However just to allow everybody see everything will quickly make things unbearable as well as kill any stability. Therefore these ebuild stability levels are to be used not just to denote ebuild status, but also as a reference for emerge as to how to process ebuilds. By default (no options specified) emerge should only see and install packages with corresponding status level. Such as emerge category/package shell only install (and see if for example emerge --world update was called) packages of default stability level and higher (approved and core typically). In order to see lower stability level packages user will need to specify appropriate --enable-status flag. For example to let emerge see confirmed packages user will need to invoke it as emerge --enable-confirmed category/package.
In order to set default status, two flags in make.conf (and corresponding options to emerge) should be used:

Stability_Level General stability level of accepted for installation ebuilds. emerge should consult this flag when processing requests to list and install packages. If omitted should default to "approved" thus providing for distribution with stability level corresponding to present gentoo system.
rsync_Stability_Level This should default to Stability_Level if omitted or set stricter than previous one. It defines the stability level of ebuilds which will be checked out upon rsync. If this flag has more relaxed setting than Stability_level (for example approved and All) then user will be able to enjoy stable default setup (non-approved packages are not even shown by emerge! and other high-level utilities) while maintaining ability to see what's in stock either looking at what's under /usr/portage or specifying --allow-status flag (same as above).
In such way user will be able to see and access all the new submissions if he chooses, but still have a secure distribution, with required manual intervention if he wants to try out some unapproved package.

Server perspective and security.

Ok, lets finally consider how all this can be done.
Lets follow the ebuild starting from its birth (when it gets released by an author :-)).

Ebuild submissions can be kept on bugs.gentoo.org as this is done now. Author should have bugzilla account which will serve as his feedback link (if only that problem with bugzilla not finding attachments (bug #71) was sorted out finally!). The procedure seems to be well established and tested and I don't see any reason it should be replaced with something else.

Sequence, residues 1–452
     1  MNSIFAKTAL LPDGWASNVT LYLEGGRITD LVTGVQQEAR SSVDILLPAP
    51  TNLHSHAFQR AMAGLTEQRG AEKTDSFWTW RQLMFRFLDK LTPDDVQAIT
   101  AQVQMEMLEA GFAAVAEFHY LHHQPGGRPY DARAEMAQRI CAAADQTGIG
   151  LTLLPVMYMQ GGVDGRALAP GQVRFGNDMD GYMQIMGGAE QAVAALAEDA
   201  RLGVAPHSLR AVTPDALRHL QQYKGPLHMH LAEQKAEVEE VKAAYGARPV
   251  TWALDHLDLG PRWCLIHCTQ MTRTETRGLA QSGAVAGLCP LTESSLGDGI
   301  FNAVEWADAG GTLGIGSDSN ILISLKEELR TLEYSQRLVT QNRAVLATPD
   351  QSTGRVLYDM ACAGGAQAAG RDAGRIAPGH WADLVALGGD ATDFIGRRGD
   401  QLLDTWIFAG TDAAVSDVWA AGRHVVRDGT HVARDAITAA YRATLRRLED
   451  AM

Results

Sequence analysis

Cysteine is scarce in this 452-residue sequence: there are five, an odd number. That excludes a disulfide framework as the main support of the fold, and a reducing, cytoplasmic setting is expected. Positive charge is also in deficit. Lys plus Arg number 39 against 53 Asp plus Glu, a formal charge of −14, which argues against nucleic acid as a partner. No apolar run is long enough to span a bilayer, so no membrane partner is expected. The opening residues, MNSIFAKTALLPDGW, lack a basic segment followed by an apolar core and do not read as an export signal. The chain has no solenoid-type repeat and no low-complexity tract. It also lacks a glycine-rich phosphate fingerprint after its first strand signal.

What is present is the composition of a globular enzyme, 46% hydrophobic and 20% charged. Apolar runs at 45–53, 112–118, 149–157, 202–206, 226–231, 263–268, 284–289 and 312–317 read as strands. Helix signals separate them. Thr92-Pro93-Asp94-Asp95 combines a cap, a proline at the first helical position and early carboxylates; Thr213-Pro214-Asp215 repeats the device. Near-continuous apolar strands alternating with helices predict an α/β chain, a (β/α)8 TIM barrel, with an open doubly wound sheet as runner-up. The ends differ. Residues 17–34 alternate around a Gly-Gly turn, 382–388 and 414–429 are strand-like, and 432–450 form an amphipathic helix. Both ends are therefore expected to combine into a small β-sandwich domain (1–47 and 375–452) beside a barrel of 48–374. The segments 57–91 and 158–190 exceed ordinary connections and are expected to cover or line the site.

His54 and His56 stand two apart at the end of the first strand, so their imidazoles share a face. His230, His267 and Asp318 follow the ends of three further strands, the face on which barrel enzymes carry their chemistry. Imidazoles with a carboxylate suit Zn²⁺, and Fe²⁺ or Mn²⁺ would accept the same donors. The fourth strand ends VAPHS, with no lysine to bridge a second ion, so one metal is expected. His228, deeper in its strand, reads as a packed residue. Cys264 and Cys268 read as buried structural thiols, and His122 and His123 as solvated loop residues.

So, there is a robot which immediately pushes new submissions to CVS. Apparently it requires that this attachment mechanism is working on bugs.gentoo.org. Alternatively it should also be rather easy to pick up the package if author provides a link to ebuild.

Two issues immediately come up here:

  1. Discipline.
    Author should prepare .tar.gz package containing ALL the necessary files (not just an ebuild, but also digest files, Changelog and all other support files even if they can trivially be recreated). If this is an update (-rX submission) package must not contain old (already in CVS) files.
    Robot shell unpack the file and place its contents in proper directory in portage tree.
  2. Security.
    The above procedure should immediately turn on red light for anybody who thinks at all about security. In above form it sounds similar to just giving out CVS commit access to everybody. To keep the matter under controll there should be limitations:
I had a usefull chat with Daniel Robbins on #gentoo irc channel which helped me to get an idea of what will be the highest concern for the core maintainers. I bet many people immediately think that security was mentioned as #1 :-). And not only security of installed system (user level) but security of a central depository. I hope that above procedure addresses main concerns of core developers:

I am definitely interested in comments. Please do try to beat this down. I will try to play a goal-keeper and defend this design :-).

Ok, ebuild is submitted and made its way to CVS. What now?
Now it has a "new" status. In order to make its way to "confirmed" status it should accumulate votes. See my thoughts on voting system for a discussion of what can be implemented (its a large topic on itself). Additionally core developers can spill blessing at that or other package at their discretion. If core developer has time to look at new ebuilds but does not have personal preference he can consult an "approval-wanted" list. It seems natural to maintain this list on bugs.gentoo.org.

It is not completely clear though how to deal with situation when some ebuild does not get much attention but somebody from core group decides to review it. In parallel with that goes the situation when new ebuild is submitted by core developer. I see such alternatives:

First is easy. Second and third are equivalent implementation-wise, this is largely a policy decision. Second option may be desirable as it provides possibility for an additional security level of distribution (remember, gentoo is a meta-distribution, here I refer to the end product - production server whose sysadmin does not want to trust even gentoo developers. He will most certainly review the ebuilds even after approval AND confirmation, but requirement for all packages to go through extensive user testing before being marked stable may make him feel better about the distribution. He might prefer it to something else when making a distribution choice).
On the other hand person with commit CVS access can always bypass confirmation (and it is likely to happen in an emergency, when some security hole is discovered in glibc, openssh/ssl or something else). Therefore second and third options are more or less equivalent.


Please take a look at possible implementations of voting system.
Also please check the Summary to refresh your mind after this long tale :-).
After submitting this proposal to gentoo-dev I accumulated some responses. Links to postings and part of the private conversation you can find in this reflections section.



Email me, post a message to gentoo-dev mailing list, or use my feedback form.